Treatment of Malaria in Children

Updated at: Nov 11, 2013
Treatment of Malaria in Children

Treatment of Malaria in children consists of natural remedies and advanced medical attention. Read about some of the ways through which children suffering from malaria are treated.

Bushra Kafeel
Blood DiseasesWritten by: Bushra KafeelPublished at: Mar 28, 2011

Malaria in Children

Malaria is a fatal disease that spreads with the bites of mosquitoes infected with eukaryotic protists of the genus Plasmodium. Besides endangering life of children it also results in wide range of developmental deficits such as anaemia, epilepsy, low birth-weight and certain neurological problems. The adverse effect of malaria on children can be treated by number of natural ways:

  • Child must be given plenty of fluids such as orange juice that is diluted in warm water.
  • Ice bag and cold pack can be applied on the whole body of the child for respite from high fever.
  • Once the temperature is low fresh juicy fruits (pineapple, orange, mango, grape- fruit, apple and papaya) should be added to the diet of the child suffering from malaria.
  • This can be followed by giving the child a well-balanced diet and lightly cooked vegetables.
  • Malaria infected child should avoid taking tea, coffee, fried and processed foods.
  • Cinnanom is considered to be effective in bringing relief from malaria symptoms.
  • Lime juice is also effective in treating malaria. What you can perhaps do is add three grams of lime juice to 60 ml of water. This mixture when consumed by the child suffering from malaria can bring significant results.

Antimalerial Chemotherapy



  • Chloroquine is an effective schizonticidal drug against mature gametocytes of Plasmodium malariae, vivax and ovale. It can be either administered intramuscularly, intravenously or orally to the child with malaria infection.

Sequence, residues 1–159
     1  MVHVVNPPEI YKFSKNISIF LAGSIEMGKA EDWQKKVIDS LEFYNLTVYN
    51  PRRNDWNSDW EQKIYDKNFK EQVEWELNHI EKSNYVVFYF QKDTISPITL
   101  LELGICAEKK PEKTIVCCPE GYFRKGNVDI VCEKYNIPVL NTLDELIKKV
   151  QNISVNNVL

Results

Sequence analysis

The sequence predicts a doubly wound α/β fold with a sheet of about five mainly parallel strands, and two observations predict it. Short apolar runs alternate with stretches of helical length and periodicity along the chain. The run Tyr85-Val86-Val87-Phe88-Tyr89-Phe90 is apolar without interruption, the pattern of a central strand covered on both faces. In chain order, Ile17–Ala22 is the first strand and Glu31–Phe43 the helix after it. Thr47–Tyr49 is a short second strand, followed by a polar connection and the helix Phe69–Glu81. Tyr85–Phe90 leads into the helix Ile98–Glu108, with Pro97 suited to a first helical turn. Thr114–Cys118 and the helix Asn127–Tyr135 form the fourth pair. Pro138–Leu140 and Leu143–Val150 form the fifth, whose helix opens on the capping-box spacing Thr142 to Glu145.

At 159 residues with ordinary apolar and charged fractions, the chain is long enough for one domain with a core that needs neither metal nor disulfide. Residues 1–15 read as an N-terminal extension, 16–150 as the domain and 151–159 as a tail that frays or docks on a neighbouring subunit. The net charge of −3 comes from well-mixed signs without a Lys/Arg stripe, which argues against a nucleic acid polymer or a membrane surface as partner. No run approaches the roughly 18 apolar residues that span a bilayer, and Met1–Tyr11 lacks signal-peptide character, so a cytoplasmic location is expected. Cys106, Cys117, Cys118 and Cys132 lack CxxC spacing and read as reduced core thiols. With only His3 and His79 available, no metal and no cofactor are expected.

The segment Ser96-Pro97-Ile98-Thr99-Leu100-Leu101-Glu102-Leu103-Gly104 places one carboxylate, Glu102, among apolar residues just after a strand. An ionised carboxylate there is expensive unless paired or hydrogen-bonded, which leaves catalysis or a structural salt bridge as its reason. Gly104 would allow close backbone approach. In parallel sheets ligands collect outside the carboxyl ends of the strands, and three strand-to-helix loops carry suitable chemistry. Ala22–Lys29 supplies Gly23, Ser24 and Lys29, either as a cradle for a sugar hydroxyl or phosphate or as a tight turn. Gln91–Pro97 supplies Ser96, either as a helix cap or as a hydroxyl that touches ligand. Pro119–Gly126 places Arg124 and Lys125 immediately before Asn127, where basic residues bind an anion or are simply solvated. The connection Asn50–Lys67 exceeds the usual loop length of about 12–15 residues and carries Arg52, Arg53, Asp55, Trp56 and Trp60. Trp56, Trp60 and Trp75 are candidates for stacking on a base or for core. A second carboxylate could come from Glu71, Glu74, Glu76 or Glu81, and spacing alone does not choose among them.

• Chloroquine FNA, Dawaquin and Resochin are chloroquine based drugs for malaria. This drug reduces morbidity and mortality by rendering symptomatic relief.  Conversely the resistance of falciparum to choloroquine stands as a strong pitfall for its usage.


  • Sulfadoxine-Pyrimethamine is a successful anti-malarial drug even in the areas that have developed high resistance to chloroquine. It is largely use for treating malaria in children.
  • In addition to the oral preparations it is also available for intramuscular administration in children. The side-effect of the combination includes lesions in skin and mucous membrane.


  • Quinine is effective against gametocytes of Plasmodium vivax, plasmodium malariae and plasmodium ovale.
  • This drug is available for both the oral as well as intravenous administration. It should not be given by bolus or push injection as this can lead to skin necrosis.


It is mainly use for preventing malaria relapse. The dose of primaquine in children must not exceed 30 mg a day. It is suggested to determine status of glucose-6-phospate dehydrogenase before administration of Primaquine.


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